By Associated Press
• A crowd of thousands attending President Donald Trump’s campaign rally in Tulsa, Oklahoma, in late June, along with large groups of people who showed up to protest, “likely contributed” to a dramatic surge in new coronavirus cases in the area, Tulsa City-County Health Department Director Dr. Bruce Dart said Wednesday. Tulsa County reported 261 confirmed cases on Monday, a new record one-day high, and another 206 confirmed cases on Tuesday. A spokesman for the Trump campaign didn’t immediately respond to a request for comment.
• Most New York City students will return to school in the fall two or three days a week and learn online the rest of the time under a plan announced by Mayor Bill de Blasio. He said schools can’t accommodate all their students at any one time and maintain social distancing. The school system in New York is the biggest in the nation, with 1.1 million students. It has been closed since March.
In New York City, the most lethal hot spot in the nation during the spring, testing was scarce early on but is now widely available. As many as 35,000 tests are conducted daily through a combination of private health organizations and city agencies, according to the city Health Department.
“Widespread testing holds the key to reopening our city safely,” de Blasio said.
The U.S. Department of Health and Human Services this week said it will open free “surge testing” sites in three hard-hit cities: Jacksonville, Florida; Baton Rouge, Louisiana; and Edinburg, Texas. The sites will be able to conduct as many as 5,000 tests a day in each city, with results in three to five days, officials said.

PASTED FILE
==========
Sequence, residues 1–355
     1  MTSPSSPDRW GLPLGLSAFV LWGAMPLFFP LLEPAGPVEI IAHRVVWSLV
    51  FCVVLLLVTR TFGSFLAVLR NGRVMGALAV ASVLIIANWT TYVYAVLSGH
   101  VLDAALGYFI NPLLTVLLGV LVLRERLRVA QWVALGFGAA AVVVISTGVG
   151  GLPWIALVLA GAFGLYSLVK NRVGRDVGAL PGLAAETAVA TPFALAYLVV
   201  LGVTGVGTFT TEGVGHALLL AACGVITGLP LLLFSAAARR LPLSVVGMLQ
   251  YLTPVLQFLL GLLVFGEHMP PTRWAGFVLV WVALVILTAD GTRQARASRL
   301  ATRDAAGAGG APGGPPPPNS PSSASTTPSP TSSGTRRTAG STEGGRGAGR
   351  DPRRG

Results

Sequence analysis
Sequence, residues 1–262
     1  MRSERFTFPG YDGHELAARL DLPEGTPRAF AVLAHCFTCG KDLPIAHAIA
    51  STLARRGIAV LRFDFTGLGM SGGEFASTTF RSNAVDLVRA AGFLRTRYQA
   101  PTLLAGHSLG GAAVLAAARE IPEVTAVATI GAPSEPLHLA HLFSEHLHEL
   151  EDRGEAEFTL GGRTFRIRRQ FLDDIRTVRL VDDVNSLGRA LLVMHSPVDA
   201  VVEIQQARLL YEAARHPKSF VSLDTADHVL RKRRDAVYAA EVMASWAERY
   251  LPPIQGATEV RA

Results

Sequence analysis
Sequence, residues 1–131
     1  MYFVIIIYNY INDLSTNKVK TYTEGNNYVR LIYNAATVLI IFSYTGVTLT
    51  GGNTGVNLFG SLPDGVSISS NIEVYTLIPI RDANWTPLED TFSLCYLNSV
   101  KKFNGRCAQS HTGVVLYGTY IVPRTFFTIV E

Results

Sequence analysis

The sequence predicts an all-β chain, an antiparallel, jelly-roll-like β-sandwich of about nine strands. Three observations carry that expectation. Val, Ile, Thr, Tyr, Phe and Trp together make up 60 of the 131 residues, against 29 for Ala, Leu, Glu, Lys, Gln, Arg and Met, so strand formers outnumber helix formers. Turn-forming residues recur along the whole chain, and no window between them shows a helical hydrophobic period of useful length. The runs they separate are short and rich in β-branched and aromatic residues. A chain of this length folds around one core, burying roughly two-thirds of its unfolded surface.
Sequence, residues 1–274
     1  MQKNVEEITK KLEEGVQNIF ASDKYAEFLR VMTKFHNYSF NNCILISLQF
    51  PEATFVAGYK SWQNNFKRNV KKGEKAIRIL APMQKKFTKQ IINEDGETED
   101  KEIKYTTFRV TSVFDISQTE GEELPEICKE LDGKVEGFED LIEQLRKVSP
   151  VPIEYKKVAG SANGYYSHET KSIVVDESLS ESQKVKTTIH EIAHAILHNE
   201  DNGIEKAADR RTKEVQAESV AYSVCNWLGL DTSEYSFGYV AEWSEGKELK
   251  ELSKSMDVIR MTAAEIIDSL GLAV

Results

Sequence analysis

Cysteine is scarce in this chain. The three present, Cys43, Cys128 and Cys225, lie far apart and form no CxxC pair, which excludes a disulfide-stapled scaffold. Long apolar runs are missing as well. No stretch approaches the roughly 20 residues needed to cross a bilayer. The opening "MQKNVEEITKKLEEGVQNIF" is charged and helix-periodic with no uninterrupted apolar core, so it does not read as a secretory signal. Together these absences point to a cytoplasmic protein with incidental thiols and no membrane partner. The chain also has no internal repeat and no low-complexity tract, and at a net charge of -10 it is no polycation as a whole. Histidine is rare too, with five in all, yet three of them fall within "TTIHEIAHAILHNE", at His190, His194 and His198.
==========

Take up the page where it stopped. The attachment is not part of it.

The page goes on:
In Georgia, one of the states where cases are surging, officials are rushing to expand testing capacity as demand threatens to overwhelm six major sites around Atlanta, said DeKalb County CEO Michael Thurmond.
“If you project this out over the next three weeks, we can’t handle it,” he said.
In New Orleans, people were turned away from a free testing site for a third consecutive day after it reached its daily allotment of tests. Health care providers are running low on trays and chemicals needed to run machines used in the tests.
Phoenix Mayor Kate Gallego called the situation there “desperate” as residents have sat in sun-baked cars for up to 13 hours to get drive-thru testing. Robert Fenton, head of the Federal Emergency Management Agency, said FEMA is doubling the testing supplies it plans to ship to Arizona.
Patrick Friday, a United Methodist minister in Alabama, went to several hospitals and clinics in Birmingham this week to get checked after his school-age son tested positive. But he was told that unless he had a preexisting condition, he didn’t qualify.
Finally, he ended up at a site offering rapid-result tests and his negative result came back quickly.
“We are several months into this,” he said. “How can it be that we can’t go in and get a test?”